Describing depression is a difficult challenge. Sometimes it is a temporary affliction, perhaps caused by trauma, anxiety or tragedy. For some it’s a lifelong affliction. Some describe it as walking through sand, and for those who suffer from it, this analogy is spot on. Yet people still can’t seem to get their head around it. So I’m trying it my way. Here is how I personally describe depression;
Imagine that every day you wake up to a five acre field of long grass. Next to the grass is an old push mower. And every day it’s your job to get up, grab hold of that mower, and cut the grass. Why do you HAVE to cut it? Because it’s the job that was given to you. You didn’t ask for it, didn’t want it, but it’s yours, and so you just have to do it.
Now on a good day the sun is soft and warm, the breeze is cool and refreshing, and the field is flat. And you cut the grass. It’s tiresome and takes a fair amount of effort, but it’s a good day. And you get it all done. And you fall into bed feeling tired but good.
On a worse day, it’s raining, and the grass is wet. The ground is sucking at your feet, and the field is hilly. You somehow manage to get it all done. You fall utterly spent and exhausted into bed.
On the really bad days, the worst days, the sky is black; the field has become an evil wonderland. The grass ducks under the blades and away from you, you chase it but can’t catch it, it’s so tall, so very tall. And the wind is screaming at you, making every step forward a challenge. And the whispers…they are the worst part of all. They tell you the most horrible things. Things you would barely consider on a good day suddenly seem so believable on this utterly dark day. Everything is against you, still you fight on. You must. It’s your job. And on this, this hardest day of all, you somehow manage to get it done. And you fall into bed, for days, because that’s how long it takes you to recover, to gain enough strength so that you can resume your cutting.
Now, imagine that you have a healthy person who doesn’t normally suffer depression, and they wake up and walk into a day filled with grief, tragedy, pain. And they think, I can’t cope with this. It’s too much. No one can deal with so much all at once. I’m so alone, no one has felt this kind of pain, my pain. No one can know what it feels like to be ME on this day, suffering this most awful kind of emotional pain.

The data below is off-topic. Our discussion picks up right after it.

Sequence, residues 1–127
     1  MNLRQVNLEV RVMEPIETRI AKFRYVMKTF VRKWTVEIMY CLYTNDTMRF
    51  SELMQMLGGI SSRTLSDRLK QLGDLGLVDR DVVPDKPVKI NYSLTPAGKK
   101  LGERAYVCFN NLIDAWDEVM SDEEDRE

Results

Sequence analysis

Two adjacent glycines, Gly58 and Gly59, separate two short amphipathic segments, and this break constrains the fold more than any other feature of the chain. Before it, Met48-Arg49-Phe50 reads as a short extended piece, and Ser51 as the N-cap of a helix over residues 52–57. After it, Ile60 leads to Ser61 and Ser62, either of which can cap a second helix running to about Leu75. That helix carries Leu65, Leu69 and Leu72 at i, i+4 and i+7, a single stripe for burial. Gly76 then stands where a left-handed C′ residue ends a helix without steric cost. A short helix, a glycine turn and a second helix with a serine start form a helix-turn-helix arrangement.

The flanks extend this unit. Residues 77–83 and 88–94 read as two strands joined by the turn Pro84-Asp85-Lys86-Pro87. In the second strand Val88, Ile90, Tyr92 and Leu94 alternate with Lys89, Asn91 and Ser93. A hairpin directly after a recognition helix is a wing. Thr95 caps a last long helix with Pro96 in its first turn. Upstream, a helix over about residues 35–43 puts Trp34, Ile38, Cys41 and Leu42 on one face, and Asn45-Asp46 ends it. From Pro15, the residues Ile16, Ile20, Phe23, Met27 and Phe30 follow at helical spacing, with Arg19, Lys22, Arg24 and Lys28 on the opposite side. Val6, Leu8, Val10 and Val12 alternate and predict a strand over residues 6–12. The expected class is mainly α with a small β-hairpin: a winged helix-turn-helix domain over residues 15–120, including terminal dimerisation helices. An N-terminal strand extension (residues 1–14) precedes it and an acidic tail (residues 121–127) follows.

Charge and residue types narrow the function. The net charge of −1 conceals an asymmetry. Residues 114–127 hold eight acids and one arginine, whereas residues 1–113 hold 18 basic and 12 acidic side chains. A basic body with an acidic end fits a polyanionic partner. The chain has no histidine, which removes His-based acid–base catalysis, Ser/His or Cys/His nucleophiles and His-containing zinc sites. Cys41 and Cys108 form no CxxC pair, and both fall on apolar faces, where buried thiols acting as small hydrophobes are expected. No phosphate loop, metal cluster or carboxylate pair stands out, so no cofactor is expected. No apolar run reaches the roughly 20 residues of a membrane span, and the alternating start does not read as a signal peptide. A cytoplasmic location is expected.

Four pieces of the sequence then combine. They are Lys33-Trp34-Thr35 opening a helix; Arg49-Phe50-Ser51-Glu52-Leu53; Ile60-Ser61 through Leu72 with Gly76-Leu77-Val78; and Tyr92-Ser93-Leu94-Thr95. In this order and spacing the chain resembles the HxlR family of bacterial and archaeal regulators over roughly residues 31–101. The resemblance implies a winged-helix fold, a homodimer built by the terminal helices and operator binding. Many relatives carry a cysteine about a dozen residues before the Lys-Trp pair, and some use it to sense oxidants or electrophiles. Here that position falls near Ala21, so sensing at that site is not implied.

And now imagine what that same day would feel like to someone who’s already cutting the grass, through a storm, on an evil wonderland kind of day. Imagine how we’d all expect them to cope with so much. And of course they can’t. They simply lay the mower down and say, enough. And we cannot judge them for that.
Drugs and therapy help to give you strength to push the mower, and maybe they sometimes give you more sunny days than rainy ones, and maybe sometimes they can mute the screaming of the darkness, but they are not perfect. It’s not an exact science and they can only do so much.
No matter what you take or do the field will still always be there in need of cutting.
So the next time someone tells you they suffer from depression I’d ask you to see the field before them. Understand how hard the work can be.
Lastly, people who suffer from depression are the exact opposite of weak. They are warriors.
Rest in peace Robin Williams, you laid your mower down like a champ, and left us a legacy. I will miss you.
Tammy Tip of the Week for helping yourself or others with depression: Get them outside for a walk if you can, it’s the best thing. It gets the blood pumping, makes you breathe deeply; it’s a mental distraction and a physical release of tension.
If they won’t leave their house, the couch, or the bed…bring them a great book, or call and talk to them about random funny things, bring them a comedy movie to watch. Laughter helps. Distractions of any kind are good as it helps to put people into a different state of being. Crochet, craft, paint, play an instrument. All good!
I would love to hear what helps you through your hard days, please post your own tip/trick!